A final remark regards the topic of entrepreneurship. The interventions of the Ministry of Enterprises and Made in Italy (former  MISE) and the proposals of the sector associations to support entrepreneurship are part of the already existing programs. However, measures aimed at developing entrepreneurial competencies, financial support and promoting the entrepreneurial culture should be accompanied by forms of monitoring the achievement of the objectives set. Youth entrepreneurship tends to find space in highly innovative sectors that are characterised by being highly uncertain economies. Monitoring, for example, the economic performance of new innovative companies, and not just their birth and death rates, through the national registers, would make it possible to understand which sectors guarantee greater profitability and production of innovation and, therefore, guide the design of measures to support initiatives with greater chances of success. In addition, many interventions dedicated to supporting innovation, and which are closely related to supporting entrepreneurship, are aimed at all age groups. While not excluding young people in principle, however, in practice they do not offer specific support to this age group which, on the other hand, is increasingly interested in evaluating the entrepreneurial career for its future.

In this regard it is also worth mentioning the first evaluation and reports regarding the application of PNRR, which seems still slow compared to its objectives, especially when it comes to young people, as highlighted by the IV report on the generational gap by the Bruno Visentini Foundation and Luiss University. According to the report, the gender pay gap between workers aged 25 to 34 has increased considerably from 1.3% in 2007 to 4.6%. Even among the employed between the ages of 15 and 29, between 2019 and 2020, there is a decrease of 1.5% for males, which for women is more than triple (-5%). The indicator relating to income, wealth and welfare for the under 35s goes from an average value of 63,500 euros in 2006 to just 15,000 euros, according to official data from the Bank of Italy survey.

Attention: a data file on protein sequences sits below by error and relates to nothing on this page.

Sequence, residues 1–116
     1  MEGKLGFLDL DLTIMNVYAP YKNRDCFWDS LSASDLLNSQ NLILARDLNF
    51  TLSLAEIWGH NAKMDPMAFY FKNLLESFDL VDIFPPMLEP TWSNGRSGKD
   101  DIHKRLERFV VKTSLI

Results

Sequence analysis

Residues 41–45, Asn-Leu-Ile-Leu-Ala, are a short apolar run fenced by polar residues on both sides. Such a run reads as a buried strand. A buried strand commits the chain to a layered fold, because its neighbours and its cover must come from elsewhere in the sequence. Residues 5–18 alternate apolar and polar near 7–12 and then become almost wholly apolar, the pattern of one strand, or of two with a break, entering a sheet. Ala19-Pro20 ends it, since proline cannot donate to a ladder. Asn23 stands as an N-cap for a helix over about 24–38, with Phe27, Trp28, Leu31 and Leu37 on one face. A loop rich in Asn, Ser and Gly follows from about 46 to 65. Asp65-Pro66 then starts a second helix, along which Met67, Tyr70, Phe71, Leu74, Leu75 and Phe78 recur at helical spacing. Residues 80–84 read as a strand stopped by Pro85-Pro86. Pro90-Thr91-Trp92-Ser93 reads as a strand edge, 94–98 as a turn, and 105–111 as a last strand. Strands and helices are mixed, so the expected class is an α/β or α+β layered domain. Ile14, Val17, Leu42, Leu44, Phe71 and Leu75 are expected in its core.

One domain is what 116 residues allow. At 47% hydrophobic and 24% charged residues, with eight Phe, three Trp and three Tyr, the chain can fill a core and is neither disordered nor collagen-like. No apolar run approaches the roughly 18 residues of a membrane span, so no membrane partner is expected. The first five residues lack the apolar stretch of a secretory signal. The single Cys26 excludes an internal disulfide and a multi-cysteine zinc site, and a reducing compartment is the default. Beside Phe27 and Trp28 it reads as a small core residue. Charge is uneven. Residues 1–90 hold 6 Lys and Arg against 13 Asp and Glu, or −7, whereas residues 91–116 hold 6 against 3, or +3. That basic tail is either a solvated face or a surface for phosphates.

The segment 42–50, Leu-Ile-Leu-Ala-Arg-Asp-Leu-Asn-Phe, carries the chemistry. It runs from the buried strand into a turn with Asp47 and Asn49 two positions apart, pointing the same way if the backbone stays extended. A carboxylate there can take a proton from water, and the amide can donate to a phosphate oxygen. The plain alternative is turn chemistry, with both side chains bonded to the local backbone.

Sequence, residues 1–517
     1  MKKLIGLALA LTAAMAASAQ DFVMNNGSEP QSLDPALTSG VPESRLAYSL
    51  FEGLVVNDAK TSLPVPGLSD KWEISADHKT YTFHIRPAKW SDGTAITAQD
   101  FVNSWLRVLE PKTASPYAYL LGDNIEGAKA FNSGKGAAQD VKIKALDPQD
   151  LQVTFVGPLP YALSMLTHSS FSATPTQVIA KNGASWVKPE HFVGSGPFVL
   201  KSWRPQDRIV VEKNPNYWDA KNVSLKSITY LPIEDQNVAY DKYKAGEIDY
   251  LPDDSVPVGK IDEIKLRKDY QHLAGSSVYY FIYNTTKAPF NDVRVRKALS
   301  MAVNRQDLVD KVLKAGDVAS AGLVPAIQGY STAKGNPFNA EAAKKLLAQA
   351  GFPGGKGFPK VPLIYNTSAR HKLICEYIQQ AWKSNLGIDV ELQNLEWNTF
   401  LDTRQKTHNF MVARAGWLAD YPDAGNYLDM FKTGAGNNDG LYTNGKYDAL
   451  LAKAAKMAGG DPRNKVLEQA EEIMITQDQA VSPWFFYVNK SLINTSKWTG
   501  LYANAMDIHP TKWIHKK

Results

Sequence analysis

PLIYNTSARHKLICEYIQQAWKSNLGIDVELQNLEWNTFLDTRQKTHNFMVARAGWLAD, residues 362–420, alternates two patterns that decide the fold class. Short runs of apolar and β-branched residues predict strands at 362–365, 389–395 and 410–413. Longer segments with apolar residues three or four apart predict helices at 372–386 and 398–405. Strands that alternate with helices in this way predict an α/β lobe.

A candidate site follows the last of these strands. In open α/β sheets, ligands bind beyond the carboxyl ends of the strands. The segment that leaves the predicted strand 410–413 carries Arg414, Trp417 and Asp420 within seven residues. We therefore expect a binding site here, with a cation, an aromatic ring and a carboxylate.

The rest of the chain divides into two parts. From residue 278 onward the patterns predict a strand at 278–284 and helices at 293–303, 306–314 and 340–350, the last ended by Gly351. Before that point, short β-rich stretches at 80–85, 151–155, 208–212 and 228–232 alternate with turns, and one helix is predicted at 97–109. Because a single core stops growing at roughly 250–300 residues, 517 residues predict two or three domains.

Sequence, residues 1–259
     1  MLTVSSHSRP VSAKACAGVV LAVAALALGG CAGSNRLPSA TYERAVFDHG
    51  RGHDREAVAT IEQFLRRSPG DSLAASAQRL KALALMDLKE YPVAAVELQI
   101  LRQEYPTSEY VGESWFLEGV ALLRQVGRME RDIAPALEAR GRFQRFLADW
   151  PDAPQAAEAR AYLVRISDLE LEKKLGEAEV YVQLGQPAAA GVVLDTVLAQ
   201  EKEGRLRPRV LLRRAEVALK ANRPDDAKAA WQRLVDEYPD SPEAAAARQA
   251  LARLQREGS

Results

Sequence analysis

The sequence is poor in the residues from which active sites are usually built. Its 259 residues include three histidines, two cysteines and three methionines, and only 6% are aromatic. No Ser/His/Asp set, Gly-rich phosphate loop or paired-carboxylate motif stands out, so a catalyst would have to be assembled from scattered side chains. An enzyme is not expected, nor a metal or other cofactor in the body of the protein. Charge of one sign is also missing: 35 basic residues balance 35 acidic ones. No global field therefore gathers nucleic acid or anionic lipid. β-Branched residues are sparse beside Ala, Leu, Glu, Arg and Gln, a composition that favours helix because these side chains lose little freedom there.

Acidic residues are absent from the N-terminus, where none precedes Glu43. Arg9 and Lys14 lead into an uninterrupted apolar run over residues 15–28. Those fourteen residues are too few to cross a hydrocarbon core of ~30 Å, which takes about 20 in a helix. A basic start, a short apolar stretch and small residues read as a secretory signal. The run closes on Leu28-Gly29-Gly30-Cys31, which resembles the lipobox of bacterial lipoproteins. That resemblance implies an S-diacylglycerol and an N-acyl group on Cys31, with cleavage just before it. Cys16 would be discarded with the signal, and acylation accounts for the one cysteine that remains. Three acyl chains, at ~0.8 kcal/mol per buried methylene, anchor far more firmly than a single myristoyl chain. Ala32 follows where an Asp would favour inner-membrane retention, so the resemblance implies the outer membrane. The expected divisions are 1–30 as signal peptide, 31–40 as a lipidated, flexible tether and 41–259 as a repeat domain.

According to the latest update of September 2022 regarding the implementation of PNRR by the former MiSE, 8 out of the 10 milestones indicated have been reached, with significant progressions regarding the access to credit and for the innovation of enterprises and for boosting start-up and ventures dedicated to sustainability and ecological transition, as well as for research and innovation within the Horizon Europe project and for the creation of female enterprises.

Again there is no direct mention of youth enterprises and initiatives, even though there is a generalised approach of incentives that involve by default young audiences, but it’s certainly visible an improvement in the approach towards youth’s more specific needs, indicating Italy’s slow but inevitable adaptation to the European paradigm.